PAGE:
I wish all the best to Lori James and the crew at All Romance. I’m sure their decision to fold was as heart-wrenching as some of the books on their virtual shelves. And I feel for all the authors who sold their hard-crafted works through the website and are facing the thought of not receiving their full royalties.

I will be accepting All Romance’s offer to pay ten percent of the royalties owed to be for Q4, but then, I don’t have a lot to lose. For other authors, it may not be so easy. I get that. But still, I urge compassion.

2016 has been a year of horrible loss. Let’s not make it any worse.



Family Matters


What does summer mean to me? Swimming pools and barbecues and ice-cream cones leaving trails of sticky sweetness down your arm, for sure.

But for me, summer also means family.

Every summer we make our annual road trip “Up North” to the wilds of Northern Ontario where I grew up. We come for dips in icy lakes and hikes through fragrant pine forests. We come for fresh pickerel dinners and blueberry-stained fingers. But mostly, we come for family.

I love my family, but we’re an odd bunch. But then, I bet you say the same thing about yours.

In my family money and status aren’t important, but education and intelligence are. We are Word Nerds, bigtime. You can have holey socks and live in your car, but if you don’t know the difference between “affirm” and “confirm”, be prepared for some hard-core smiling condescension.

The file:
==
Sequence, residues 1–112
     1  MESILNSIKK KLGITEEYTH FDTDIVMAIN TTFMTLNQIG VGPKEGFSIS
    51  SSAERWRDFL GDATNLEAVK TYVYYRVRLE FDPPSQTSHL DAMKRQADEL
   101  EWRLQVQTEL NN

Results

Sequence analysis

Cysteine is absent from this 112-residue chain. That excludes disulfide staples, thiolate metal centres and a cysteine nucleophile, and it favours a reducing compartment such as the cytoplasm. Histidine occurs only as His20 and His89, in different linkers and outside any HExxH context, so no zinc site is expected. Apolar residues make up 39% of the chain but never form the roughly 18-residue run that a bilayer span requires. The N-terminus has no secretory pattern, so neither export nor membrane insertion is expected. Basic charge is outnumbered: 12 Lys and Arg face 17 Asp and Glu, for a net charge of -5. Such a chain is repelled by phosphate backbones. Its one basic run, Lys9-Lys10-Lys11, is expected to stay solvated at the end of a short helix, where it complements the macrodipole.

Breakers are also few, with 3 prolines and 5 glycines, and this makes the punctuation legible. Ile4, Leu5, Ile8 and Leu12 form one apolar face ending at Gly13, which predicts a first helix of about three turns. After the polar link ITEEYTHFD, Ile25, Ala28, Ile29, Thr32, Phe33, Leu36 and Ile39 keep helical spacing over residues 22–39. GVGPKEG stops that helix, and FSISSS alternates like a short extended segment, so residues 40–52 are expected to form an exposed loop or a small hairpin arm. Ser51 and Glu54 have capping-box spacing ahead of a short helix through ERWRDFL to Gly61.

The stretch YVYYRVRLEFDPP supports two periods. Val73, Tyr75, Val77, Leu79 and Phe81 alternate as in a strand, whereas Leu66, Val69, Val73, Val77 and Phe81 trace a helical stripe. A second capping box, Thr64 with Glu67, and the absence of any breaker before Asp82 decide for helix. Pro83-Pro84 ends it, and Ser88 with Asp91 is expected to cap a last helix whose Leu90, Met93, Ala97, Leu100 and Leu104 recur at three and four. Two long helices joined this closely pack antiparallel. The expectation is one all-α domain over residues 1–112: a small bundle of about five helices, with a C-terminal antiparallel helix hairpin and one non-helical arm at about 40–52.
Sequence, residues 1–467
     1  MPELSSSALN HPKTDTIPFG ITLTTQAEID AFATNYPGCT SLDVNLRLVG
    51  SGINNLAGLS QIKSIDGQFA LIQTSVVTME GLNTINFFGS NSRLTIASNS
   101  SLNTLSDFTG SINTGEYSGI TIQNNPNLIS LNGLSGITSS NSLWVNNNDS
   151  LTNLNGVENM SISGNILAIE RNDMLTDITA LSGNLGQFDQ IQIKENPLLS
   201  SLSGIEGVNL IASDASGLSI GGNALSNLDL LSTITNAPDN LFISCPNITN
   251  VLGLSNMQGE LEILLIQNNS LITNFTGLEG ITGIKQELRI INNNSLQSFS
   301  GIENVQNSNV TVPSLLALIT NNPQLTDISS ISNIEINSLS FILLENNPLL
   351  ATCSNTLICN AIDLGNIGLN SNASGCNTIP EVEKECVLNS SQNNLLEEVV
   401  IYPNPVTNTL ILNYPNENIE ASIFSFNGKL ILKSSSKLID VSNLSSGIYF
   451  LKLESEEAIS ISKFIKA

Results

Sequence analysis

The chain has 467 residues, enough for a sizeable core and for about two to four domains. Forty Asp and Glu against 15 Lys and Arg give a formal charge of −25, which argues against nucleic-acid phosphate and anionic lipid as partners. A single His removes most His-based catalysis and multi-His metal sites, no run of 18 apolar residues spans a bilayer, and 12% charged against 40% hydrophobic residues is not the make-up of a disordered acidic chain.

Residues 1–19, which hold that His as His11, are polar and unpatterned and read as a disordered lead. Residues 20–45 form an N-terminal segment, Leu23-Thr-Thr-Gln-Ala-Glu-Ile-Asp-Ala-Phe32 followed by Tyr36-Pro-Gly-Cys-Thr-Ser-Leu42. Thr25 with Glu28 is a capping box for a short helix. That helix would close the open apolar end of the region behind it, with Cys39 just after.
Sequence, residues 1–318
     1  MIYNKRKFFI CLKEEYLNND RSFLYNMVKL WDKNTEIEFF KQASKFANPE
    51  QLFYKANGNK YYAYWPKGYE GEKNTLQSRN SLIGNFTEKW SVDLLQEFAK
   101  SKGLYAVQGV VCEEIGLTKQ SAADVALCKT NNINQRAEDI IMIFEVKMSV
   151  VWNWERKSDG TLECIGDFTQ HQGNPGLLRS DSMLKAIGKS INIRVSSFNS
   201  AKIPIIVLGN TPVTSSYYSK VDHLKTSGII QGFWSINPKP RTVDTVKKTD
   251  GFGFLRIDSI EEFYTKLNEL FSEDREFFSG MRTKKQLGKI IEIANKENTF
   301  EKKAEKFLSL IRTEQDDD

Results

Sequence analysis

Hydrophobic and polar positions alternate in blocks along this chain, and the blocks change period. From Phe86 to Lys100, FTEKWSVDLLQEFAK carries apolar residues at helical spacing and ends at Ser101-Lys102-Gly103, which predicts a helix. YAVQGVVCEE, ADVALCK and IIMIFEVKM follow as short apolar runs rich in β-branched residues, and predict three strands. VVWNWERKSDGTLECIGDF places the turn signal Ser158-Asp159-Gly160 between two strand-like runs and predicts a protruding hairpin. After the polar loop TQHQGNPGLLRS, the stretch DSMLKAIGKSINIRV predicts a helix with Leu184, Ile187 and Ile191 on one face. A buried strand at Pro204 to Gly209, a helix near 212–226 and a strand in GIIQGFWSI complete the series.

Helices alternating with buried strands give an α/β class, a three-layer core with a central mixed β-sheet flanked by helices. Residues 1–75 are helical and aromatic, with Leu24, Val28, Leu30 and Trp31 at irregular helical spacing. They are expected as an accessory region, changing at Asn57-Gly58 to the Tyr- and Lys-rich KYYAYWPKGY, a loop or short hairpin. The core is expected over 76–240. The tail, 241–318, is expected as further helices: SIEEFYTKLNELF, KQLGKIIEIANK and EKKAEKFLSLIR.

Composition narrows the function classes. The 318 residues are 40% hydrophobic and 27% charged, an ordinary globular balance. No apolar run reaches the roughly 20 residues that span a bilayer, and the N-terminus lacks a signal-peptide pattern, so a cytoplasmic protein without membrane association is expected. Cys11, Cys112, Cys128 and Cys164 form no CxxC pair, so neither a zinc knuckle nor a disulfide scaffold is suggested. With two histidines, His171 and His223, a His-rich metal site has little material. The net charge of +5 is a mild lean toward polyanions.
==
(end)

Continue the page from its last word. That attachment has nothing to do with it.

As we sit around the table playing Balderdash and teasing each other, our smiles as genuine as our steely determination to win, I realize how much family dynamics shape who we become as people.

Take Sherry Wilson-Wong, the heroine of Dance with Me.

Her family is close-knit yet competitive (a bit like mine). While she has always had the quiet support of her hard-working father, she’s feels she can never quite measure up to her younger brother in her status-focused mother’s eyes.

Her recourse? She rejects everything her mother wants for her – marriage and a career in medicine – but her single-minded pursuit of journalistic glory is all about proving her mother wrong and winning her admiration.

Alexi Davydenko, the ballet bad-boy bent on winning Sherry’s heart, is a different story. The child of an absentee alcoholic father and a mother determined to create a better life for herself by cashing in on her son’s talent, Alexi has never known true family.

Sent to ballet boarding school at the age of six, Alexi has had to grow up fast. His charming surface, developed to survive the competitive lonely world of professional dance, masks both a desperate need to be loved and a wariness of being used.

Two very different families, two very different people, f-ed up in strangely similar ways.

Kinda makes your family seem a lot more normal doesn’t it?

Dance with Me is available now at Evernight Publishing, All Romance E-Books and in the Amazon Kindle Store.